'Fashion Police' Protest: Writers Chant 'Joan Rivers, Can We Talk?'
About 150 protesters gathered outside E! headquarters on Wilshire Boulevard Thursday at 11:30 to support striking writers on the network's talk show Fashion Police.The hour-long rally was boisterous and featured speeches by about half a dozen writers from the show and elsewhere.
Chanting "Joan Rivers, can we talk?" and "What do we want? Contract! When do we want it? Now!” the protestors are asking for both increased wages and benefits. The rally was organized by the WGA.
Writers on Fashion Police have been on strike since April 17 seeking a WGA contract, with the support of both the WGA East and WGA West. They’ve also filed claims for a total of about $1.5 million in unpaid wages and overtime with the California Division of Labor Standards Enforcement against E! and against Rivers' production company, Rugby Productions. The show is hosted by Rivers, Giuliana Rancic, Kelly Osbourne and George Kotsiopoulos.
E! has maintained that the network will negotiate only if a National Labor Relations Board election occurs first. An E! rep told THR earlier this week: “Thursday’s stunt does not move us any closer to a resolution. We again ask the Fashion Police writers to reconsider striking over something as democratic as an election, which is a fair and important part of the process prior to collective bargaining.”
At the protest, striking Fashion Police writer Bryan Cook told THR: "We're not on strike for an election; we're on strike for a contract." WGA West VP Howard Rodman called the company’s position a stalling tactic that would provide it with the opportunity to file a host of delaying motions with the National Labor Relations Board and in the courts.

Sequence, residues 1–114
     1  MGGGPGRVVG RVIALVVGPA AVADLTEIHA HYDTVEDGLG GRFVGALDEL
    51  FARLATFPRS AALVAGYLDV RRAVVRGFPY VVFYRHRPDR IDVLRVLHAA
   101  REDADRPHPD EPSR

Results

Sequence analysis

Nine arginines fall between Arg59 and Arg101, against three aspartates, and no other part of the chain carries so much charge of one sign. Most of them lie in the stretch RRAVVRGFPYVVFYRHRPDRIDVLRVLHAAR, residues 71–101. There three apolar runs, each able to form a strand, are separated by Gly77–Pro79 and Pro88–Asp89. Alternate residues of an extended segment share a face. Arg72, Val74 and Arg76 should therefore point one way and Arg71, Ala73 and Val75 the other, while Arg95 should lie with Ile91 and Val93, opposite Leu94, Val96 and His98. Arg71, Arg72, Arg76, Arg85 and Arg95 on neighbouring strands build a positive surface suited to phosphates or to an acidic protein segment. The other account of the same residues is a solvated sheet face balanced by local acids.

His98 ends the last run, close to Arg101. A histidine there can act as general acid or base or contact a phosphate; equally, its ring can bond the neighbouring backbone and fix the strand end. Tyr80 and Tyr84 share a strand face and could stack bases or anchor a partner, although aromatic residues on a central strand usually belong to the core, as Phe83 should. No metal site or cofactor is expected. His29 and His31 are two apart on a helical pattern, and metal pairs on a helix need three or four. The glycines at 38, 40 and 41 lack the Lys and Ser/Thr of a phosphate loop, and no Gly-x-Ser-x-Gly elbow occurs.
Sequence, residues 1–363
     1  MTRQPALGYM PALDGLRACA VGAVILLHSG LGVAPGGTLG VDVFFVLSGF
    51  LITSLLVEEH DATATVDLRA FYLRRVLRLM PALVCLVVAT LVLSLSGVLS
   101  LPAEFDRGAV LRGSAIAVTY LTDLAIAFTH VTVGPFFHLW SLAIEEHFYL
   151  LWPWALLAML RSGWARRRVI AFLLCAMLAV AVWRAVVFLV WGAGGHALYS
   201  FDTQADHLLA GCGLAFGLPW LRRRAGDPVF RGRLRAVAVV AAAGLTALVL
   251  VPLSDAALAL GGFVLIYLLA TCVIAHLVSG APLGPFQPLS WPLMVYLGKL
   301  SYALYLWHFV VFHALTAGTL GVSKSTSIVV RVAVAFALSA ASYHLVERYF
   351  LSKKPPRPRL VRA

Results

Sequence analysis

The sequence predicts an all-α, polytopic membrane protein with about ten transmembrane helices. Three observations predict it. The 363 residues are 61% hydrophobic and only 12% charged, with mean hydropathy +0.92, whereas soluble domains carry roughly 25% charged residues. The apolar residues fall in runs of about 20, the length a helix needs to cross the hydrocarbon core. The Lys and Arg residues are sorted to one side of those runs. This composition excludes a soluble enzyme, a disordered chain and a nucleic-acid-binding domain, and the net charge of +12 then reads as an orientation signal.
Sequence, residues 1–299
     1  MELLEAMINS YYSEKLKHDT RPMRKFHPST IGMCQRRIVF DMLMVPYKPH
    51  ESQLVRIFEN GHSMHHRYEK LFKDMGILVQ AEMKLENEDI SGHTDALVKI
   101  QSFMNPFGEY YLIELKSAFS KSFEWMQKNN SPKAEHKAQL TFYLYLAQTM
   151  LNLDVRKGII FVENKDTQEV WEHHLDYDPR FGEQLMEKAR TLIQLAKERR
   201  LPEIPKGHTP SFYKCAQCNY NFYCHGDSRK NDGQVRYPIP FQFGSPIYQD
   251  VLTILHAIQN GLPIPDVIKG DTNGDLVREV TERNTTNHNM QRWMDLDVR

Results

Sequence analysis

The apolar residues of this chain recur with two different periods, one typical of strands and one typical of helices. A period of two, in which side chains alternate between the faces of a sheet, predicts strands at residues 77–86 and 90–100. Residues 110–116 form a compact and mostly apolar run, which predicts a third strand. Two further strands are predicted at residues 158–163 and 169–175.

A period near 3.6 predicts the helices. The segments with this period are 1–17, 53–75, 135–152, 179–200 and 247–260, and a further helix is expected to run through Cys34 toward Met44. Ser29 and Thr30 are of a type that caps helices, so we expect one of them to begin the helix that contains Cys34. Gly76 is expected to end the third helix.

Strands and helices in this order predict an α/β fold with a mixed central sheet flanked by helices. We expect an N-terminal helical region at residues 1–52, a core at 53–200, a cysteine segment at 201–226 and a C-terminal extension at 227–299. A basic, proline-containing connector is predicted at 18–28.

That’s an argument the WGA has made before, and it’s vigorously disputed by E!. On the contrary, an E! statement yesterday said that an election “could accelerate bringing everyone to the negotiating table.”
In a letter to the Fashion Police writers last week, E! President Suzanne Kolb said that Rivers’ company does not produce the show or set the compensation of its writers. “I want to make it clear that E! is not anti-WGA,” she added. “We have other WGA shows, and we will negotiate with the guild should you formally elect them as your representative.”
The letter also said that Rivers “emphatically support(s) the writers.” However, Todd Masterson, one of the show’s writers, told THR that a meeting with Rivers had gone badly. “We wanted to get a contract, we wanted to talk about it and when we approached Joan and the producers and stuff, we were completely shot down. Just completely shot down. It was at a meeting one day, and Joan just blew up, and there was cussing and throwing things and -- it was bad.”
Writer Katherine Fugate told the crowd, “This is not about the Fashion Police writers getting more than any other writer. This is about them getting the same as any other writer.”
A SAG-AFTRA spokesperson told THR “We support our sister union in their attempt to achieve a fair contract on this production.” The DGA and IATSE had no comment. The show is not covered by the DGA.
Listen to Fashion Police writer and drag queen Jackie Beat address the protesters.
Austin Siegemund-Broka contributed reporting to this article.